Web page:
Hakka Gongfu: Iron Ox Cultivates Land (鉄牛耕地)
By Shifu Adrian Chan-Wyles (PhD)
For hundreds of years, and probably longer, the ‘ox’ has been an important and central aspect of rural Hakka farming life. A good and strong ox was far more valuable as a ‘living’ agricultural machine, than as food, and would generally be very well looked after into old age. The Hakka men and women who guided the plough and the ox through the fields, had to innately understand the nature of the ox, and the strength and weaknesses it exhibited. This included learning how to hold and guide the plough, and develop from a young age, the strength and agility to perform this task correctly. Many Hakka farmers went bare-foot to grip the earth in a more efficient manner, often wearing trousers cut-off at the knee (exposing the lower legs). Moving with the plough as it broke-through, cut-up and turned the earth, required a good sense of balance, and ability to keep moving in a fluid manner, and to suddenly stop and start as required. The legs had to be strong, solid and yet supple and able to change direction and rhythm. The lower-back and pelvic-girdle had to be strong and supple, and able to move in all directions without causing injury to the spine or joints. This suppleness and strength had to also spread through the middle and upper spine, be present throughout the shoulder-girdle, and suitably expressed through the neck, arms and hands. When all this was accomplished, the head sat squarely upon the shoulders, tilting and moving as required to retain balance and direction. The hands had to develop an iron-like grip that both held the plough strongly, whilst being supple enough to guide and steer as required. Over-all, the mind and body of the Hakka farmer had to be as one with the ox and land being cultivated. Ploughing a field using an ox, required the Hakka farmer to be incredibly fit and strong, as well as intelligent, calm, and attentive to the job at hand. Furthermore, the Hakka farmer developed a respect for nature and for the animal that faced all the hard-labour.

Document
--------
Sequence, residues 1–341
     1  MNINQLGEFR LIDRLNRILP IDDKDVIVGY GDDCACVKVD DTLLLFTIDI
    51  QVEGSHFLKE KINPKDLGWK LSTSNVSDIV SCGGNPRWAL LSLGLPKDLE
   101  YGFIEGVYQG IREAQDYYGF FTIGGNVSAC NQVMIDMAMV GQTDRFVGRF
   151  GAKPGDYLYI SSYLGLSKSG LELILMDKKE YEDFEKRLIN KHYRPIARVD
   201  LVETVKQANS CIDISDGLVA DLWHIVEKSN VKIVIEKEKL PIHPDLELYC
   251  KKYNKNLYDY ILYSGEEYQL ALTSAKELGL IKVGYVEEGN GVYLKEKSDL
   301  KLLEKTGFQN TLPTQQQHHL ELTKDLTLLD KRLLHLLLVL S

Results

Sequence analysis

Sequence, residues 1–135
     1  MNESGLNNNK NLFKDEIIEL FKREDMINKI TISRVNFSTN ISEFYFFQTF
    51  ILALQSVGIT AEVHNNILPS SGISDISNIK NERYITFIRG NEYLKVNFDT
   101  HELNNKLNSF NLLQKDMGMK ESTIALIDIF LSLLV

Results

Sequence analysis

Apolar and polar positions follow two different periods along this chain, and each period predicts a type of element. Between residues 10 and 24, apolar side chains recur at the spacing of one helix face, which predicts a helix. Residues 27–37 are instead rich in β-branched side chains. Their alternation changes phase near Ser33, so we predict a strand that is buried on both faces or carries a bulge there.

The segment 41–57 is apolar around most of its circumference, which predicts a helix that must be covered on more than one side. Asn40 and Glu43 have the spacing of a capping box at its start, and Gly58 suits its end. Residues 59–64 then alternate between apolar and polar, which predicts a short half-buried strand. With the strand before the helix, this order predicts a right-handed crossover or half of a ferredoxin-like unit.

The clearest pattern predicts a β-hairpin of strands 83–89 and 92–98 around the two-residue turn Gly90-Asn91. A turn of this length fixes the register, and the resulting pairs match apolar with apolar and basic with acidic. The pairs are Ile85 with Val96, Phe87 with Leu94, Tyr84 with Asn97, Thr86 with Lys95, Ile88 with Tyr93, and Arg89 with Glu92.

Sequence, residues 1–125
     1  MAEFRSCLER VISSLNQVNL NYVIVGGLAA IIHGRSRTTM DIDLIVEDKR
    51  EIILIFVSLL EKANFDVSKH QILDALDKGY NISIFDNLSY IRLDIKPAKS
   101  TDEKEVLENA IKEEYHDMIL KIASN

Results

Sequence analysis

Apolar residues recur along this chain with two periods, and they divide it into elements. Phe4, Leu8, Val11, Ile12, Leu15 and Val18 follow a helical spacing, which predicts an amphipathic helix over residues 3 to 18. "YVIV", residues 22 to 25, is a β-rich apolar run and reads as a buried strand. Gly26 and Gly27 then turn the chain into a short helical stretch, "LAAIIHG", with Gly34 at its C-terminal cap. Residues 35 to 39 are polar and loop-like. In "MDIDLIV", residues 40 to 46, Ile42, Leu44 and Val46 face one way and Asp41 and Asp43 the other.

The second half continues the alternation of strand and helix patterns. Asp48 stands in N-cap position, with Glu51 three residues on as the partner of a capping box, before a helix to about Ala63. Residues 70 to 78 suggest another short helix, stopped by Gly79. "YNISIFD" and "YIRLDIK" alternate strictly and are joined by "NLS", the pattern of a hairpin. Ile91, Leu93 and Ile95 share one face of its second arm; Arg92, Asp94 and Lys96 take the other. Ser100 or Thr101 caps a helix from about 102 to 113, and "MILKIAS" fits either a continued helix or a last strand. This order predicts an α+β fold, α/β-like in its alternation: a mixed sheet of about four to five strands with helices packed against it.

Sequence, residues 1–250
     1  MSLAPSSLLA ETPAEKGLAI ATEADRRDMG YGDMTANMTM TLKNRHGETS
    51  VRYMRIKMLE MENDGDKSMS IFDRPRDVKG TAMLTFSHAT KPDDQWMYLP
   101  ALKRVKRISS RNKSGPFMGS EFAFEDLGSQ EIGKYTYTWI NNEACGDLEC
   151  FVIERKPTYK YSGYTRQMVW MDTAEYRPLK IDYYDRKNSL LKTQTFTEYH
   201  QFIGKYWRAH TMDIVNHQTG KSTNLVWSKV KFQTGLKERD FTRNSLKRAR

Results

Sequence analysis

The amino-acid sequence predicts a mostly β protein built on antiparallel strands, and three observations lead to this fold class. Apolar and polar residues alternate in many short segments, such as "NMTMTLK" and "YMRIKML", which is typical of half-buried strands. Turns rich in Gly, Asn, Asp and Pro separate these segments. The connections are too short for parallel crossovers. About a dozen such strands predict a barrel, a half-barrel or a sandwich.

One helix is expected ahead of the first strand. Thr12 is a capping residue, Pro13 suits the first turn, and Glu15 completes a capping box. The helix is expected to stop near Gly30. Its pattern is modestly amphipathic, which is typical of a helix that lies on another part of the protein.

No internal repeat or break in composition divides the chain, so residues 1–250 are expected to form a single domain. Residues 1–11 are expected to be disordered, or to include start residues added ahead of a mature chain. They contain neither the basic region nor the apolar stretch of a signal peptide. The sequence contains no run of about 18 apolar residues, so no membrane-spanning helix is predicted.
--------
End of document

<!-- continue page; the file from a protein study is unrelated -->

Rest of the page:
This ox-inspired ability and strength of the Hakka farmer formed the basis of the mind and body conditioning of Hakka martial arts (of which there are many). When working on the fields, there was no need to carry-out extra body-conditioning training for martial arts practice – as the fitness and strength was already present and maintained through the agricultural life-style. However, as Hakka people migrated into areas where hard physical farming was replaced with other means of livelihood, the fitness and strength gained in the fields was codified into a set of martial-related exercises that logically conditioned the entire body from head to toe. This is how the qigong exercises known as ‘Iron Ox Cultivates the Land’ (Tie Niu Geng Di) came to be ‘separate’ from Hakka farming, and formed a distinct martial training regimen. Within the Hakka Ch’an Dao (禅道) System (also known as ‘Chan Gar’ [陳家]), this technique is more commonly referred to as ‘Iron Vest’ (鐵衫 – Tie Shan) training, which develops a tough and deflecting exterior (surrounding and protecting a relaxed and healthy interior). Just as the ox ‘touches’ the ground, so does the Hakka martial artist whilst performing various press-ups, sit-ups, back-raises and squat-kicks, etc. These movements build bone-density, as well as muscle strength, together with strong but flexible ligaments and tendons. Just as these various exercises ‘strengthen’, so do they ‘loosen’ the body. The press-up, for example, signifies the ox placing its head low to summon the strength to pull the plough through the hard ground. The ox uses the stomach muscles to contract and relax as the plough moves, gets stuck, and is freed again. As the legs sink into the earth, the ox bends the knee and extracts the limb – this is the squat-kick, and as the broad back carries the plough and the farmer – this is the back-raise of the gongfu practitioner. Finally, for many Hakka gongfu practitioners, standing in ‘Horse Stance’ (馬步 – Ma Bu) is actually holding the ‘Ox Stance’ (牛步 – Niu Bu).
©opyright: Adrian Chan-Wyles (ShiDaDao) 2017.